• Wednesday, May 22, 2024
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BusinessDay

Nigerian airlines and Le Droit Du Seigneur

Policies, private driven airlines key to strengthen Nigeria, Ghana bilateral trade

By Soji Apampa

How should we liken a situation when you buy a ticket and just as you are about to travel, the airline postpones your flight by rescheduling it, often by days, not hours, or just simply cancels the flight but tells you that you cannot get a refund as the ticket is valid for one year? They advise you to go and rebook. You are stranded, and there appears to be nothing you can do about it. The authorities remain mum, and passengers suffer in silence (well, sometimes they make noise on social media). We are not even talking about demanding compensation; just getting our money back in such a scenario would be the first prize.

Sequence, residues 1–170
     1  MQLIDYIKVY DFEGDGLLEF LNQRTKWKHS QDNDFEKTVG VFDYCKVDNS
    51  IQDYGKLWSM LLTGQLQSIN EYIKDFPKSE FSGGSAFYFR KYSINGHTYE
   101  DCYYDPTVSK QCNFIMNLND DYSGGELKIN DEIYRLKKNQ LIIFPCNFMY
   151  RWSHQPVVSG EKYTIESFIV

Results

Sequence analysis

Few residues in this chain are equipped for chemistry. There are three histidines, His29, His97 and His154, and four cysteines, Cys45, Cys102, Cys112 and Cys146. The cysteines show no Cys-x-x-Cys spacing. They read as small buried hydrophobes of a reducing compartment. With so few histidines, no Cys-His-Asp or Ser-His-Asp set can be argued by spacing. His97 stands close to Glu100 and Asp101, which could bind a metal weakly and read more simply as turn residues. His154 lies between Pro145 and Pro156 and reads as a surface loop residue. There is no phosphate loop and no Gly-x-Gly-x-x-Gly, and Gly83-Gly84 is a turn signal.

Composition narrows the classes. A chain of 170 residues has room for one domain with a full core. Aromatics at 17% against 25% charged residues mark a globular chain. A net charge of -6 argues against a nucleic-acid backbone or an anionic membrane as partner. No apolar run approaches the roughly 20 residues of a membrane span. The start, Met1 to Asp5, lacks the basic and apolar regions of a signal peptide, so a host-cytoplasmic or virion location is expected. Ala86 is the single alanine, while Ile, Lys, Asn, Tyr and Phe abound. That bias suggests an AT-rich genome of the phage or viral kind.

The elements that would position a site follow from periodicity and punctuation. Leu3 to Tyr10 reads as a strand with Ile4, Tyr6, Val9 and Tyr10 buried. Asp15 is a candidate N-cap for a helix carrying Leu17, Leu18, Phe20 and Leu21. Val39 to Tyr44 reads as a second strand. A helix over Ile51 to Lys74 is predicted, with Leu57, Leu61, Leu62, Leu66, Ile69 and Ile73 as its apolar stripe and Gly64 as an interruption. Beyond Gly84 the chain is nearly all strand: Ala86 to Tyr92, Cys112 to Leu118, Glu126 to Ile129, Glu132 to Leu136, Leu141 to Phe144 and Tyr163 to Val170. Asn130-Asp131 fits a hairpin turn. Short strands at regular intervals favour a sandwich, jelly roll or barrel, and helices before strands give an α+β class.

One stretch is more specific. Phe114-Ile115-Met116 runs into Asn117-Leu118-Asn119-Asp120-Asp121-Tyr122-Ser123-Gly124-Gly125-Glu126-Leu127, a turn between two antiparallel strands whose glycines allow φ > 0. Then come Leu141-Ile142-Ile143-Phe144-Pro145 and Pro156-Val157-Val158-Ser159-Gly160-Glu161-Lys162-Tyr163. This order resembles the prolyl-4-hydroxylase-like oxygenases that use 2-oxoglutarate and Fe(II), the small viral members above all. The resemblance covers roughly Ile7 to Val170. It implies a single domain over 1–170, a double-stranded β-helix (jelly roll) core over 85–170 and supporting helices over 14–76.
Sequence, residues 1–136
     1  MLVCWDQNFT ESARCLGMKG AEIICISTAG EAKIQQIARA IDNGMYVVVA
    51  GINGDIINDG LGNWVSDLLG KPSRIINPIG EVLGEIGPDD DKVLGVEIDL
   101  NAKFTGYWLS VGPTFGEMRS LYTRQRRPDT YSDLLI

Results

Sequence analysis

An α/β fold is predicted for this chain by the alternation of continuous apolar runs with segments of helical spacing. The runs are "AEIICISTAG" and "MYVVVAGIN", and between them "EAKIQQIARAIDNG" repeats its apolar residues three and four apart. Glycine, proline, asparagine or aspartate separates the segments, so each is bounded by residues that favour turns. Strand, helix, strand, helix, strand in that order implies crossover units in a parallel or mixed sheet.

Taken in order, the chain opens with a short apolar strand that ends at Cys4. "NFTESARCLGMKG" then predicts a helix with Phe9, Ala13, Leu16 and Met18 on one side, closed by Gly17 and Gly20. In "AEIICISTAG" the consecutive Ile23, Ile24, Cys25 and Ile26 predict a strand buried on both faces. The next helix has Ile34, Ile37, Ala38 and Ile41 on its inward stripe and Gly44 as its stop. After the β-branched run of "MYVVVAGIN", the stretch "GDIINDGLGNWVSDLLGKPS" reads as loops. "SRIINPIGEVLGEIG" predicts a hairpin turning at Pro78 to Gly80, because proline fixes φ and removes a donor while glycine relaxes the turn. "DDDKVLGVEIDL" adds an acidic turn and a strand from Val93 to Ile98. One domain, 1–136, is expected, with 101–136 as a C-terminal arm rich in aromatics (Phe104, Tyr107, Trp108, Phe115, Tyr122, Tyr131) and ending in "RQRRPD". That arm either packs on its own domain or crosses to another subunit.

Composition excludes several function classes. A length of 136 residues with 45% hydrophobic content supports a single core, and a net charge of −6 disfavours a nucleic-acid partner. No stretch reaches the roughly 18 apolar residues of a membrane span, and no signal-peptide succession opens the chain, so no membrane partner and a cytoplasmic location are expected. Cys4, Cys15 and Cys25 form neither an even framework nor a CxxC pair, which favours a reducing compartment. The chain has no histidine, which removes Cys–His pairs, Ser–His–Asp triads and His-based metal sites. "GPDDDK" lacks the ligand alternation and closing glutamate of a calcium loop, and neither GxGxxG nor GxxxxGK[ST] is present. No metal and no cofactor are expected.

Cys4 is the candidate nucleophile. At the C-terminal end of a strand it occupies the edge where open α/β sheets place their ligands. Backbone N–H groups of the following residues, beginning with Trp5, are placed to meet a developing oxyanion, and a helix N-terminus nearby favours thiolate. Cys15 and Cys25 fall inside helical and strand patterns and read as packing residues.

This reminds me of a Yoruba idiom, and I like the version I saw online from Adebayo Adegbite, which goes something like, “Olówó gba ìyàwó ọ̀lẹ. Ọ̀lẹ ń kẹ́ laahilaa,” meaning, “the rich man snatches the wife of the weakling, and the weakling can only sigh in resignation.” Mediaeval Europe reportedly also had something like this, perhaps even worse, referred to as “Le Droit du Seigneur.” The myth goes that the lord of a mediaeval estate had an alleged legal right to spend the night with any young maiden of his choosing, particularly on her wedding night (jus primae noctis), and similarly, nothing could be done about it. Have some Nigerian airlines negotiated a sort of ‘Droit du Seigneur’ for themselves that our regulators have bought into?